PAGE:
Ronald D. Paul is on a mission. The chief executive of Bethesda-based EagleBank is leading an effort to persuade local municipalities to hand over more of their deposits to community banks. First stop: D.C. Council.

A public hearing was held earlier this month by the Council Committee on Public Services and Consumer Affairs on legislation supporting Paul’s campaign.

Twelve of the 13 council members in late December co-introduced a bill directing the D.C. chief financial officer to boost the amount of city funds deposited in banks with $250 million to $5 billion in assets and at least five branches in the District.

Participating banks must make loans to District-based small businesses totaling at least 200 percent of the deposited funds. Loans must be made within a year of the city’s commitment, and cannot exceed $5 million for commercial real estate or $3 million for commercial loans.

“Community banks are active in giving loans to small businesses, but there seems to be a disconnect with local governments taking real estate and income taxes that people pay and putting them in national banks that aren’t putting money back into the community,” Paul said in an interview.

Ronald Paul, chief executive of EagleBank. (Jeffrey MacMillan/Capital Business)

A higher amount of core deposits would give community banks more cash to increase loan origination. Paul stressed that the campaign is geared at helping the entire community of small banks, not just his.

“Whatever amount EagleBank gets from this is immaterial to our earnings per share,” he said. “I know all the cynics are saying, ‘What’s in it for you?’ We calculated that if Eagle gets $30 million in deposits, it would be less than one penny per share.”

As it stands, EagleBank, with $2.3 billion in total deposits, holds $20 million of the District’s deposits and investments, according to data from the office of the D.C. chief financial officer.

District treasurer Lasana Mack testified at the hearing that the city’s portfolio of deposits and investments totaled $2.3 billion with nearly 40 financial institutions. Wells Fargo holds the largest amount of deposits of any bank with $397.7 million, followed by M&T Bank with $266.8 million.

Wells Fargo spokesperson Michael McCoy contended that, nationally, the bank has “loaned more money to America’s small businesses than any other bank for nine consecutive years.”

“In 2011, we extended $13.9 billion in new loan commitments to small businesses, up 8 percent from 2010,” he said.

Mack, the D.C. treasurer, testified that the city has existing statutes on placing District funds in banks with less than $550 million in total assets located in the District. The initiative, he said, has resulted in the placement of roughly $100 million of city money with area banks, including Bank of Georgetown and Congressional Bank.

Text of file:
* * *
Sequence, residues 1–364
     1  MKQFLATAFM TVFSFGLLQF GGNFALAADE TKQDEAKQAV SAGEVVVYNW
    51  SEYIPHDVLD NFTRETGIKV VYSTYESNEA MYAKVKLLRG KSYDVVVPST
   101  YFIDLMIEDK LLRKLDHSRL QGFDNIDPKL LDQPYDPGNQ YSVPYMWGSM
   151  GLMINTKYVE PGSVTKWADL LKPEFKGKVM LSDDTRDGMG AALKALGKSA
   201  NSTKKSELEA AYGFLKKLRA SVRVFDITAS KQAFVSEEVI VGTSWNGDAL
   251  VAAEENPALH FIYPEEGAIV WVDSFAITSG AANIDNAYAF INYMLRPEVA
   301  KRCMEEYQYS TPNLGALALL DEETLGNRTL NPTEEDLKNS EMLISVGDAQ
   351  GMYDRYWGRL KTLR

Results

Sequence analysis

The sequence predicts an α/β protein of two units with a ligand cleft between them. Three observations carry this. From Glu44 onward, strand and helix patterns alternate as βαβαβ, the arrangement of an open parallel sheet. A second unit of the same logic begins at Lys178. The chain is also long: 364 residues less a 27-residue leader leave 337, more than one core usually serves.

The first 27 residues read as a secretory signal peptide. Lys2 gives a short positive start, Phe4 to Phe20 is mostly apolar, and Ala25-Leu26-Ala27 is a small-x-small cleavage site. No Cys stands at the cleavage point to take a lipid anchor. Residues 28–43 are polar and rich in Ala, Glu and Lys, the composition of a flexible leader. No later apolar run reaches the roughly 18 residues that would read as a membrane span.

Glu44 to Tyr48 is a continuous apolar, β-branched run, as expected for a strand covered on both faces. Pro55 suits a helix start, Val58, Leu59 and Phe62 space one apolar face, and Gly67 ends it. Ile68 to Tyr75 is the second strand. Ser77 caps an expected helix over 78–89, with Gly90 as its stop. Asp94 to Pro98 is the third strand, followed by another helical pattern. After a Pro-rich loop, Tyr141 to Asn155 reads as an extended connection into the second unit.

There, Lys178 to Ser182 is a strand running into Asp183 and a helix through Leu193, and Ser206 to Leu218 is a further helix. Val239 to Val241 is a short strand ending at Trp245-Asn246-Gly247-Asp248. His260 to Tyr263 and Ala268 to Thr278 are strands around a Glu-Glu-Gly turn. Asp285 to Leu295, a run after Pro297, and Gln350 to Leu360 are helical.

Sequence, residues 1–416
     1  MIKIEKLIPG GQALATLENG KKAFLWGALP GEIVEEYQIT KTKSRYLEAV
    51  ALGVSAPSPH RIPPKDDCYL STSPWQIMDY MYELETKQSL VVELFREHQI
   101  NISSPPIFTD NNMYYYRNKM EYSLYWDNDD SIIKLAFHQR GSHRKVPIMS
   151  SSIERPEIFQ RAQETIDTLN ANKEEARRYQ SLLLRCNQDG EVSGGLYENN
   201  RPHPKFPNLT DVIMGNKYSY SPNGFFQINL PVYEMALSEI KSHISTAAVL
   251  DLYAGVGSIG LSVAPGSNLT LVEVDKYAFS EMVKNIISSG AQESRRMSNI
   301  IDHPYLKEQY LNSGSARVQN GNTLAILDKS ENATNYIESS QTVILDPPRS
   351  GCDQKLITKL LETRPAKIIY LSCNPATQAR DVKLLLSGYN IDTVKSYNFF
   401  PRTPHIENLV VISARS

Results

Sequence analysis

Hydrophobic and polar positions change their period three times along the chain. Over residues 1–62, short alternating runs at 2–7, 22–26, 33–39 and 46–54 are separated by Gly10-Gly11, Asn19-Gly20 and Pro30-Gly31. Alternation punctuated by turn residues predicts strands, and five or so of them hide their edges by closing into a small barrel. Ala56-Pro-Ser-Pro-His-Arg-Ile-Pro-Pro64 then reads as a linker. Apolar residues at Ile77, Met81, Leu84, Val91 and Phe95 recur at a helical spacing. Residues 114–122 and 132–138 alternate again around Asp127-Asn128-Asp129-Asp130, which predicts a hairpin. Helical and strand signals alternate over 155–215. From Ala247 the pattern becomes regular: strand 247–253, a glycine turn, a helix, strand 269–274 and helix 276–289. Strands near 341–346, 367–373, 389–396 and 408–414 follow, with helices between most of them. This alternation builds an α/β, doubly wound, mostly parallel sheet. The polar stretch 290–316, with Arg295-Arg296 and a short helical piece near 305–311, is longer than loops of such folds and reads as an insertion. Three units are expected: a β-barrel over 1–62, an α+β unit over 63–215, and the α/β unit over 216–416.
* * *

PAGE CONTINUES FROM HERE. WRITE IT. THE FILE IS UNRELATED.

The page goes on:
While Mack supports the goals of the legislation, he takes issue with some of its parameters. He is against setting asset limits, other than the existing rule that the city cannot deposit more than 25 percent of an institution’s total assets. Mack also feels the five-branch requirement would exclude most small banks.

The treasurer noted that his office cannot deposit larger amounts of money for long periods of time with any institution, a limitation that could derail the objectives of the bill.

“We need liquid funds throughout the fiscal year, and available cash balances get low at certain times of year,” he said in an e-mail. “This is why there are large amounts [of money] in various money market funds, a vehicle that allows us to safekeep the District’s assets, maintain liquidity to handle our on-going operating cash needs and earn as much interest income as we can for the city.”

“Because of the size and complexity of the District’s financial operations, small banks typically cannot service some of our needs,” he added.

Limited service capabilities at small banks also concerns Montgomery County budget director Joseph Beach. He said the county has a contract to deposit more than 90 percent of its funds with PNC Bank because the institution is big enough to offer services, such as vendor payments and lock-box services.

Still, Beach said the county is in discussions with community bankers, including Paul, to identify short-term investments, such as certificates of deposit, that can be placed with smaller institutions.

“We’re trying to identify something that addresses local investment, but also meets our own needs for liquidity and return,” he said.

Paul recognizes some limitations community banks may face in servicing municipalities seeking investment management or certain forms of bond financing. Which is why he is not asking local governments to divest from large banks, just for them to allocate more to community banks.

“As long as those community banks are required to demonstrate that they are putting their money back into community loans, a substantial amount of [government funds] should be placed with them,” he said.

The council is currently debating the fine points of the legislations, according to a spokesman from the Public Services committee.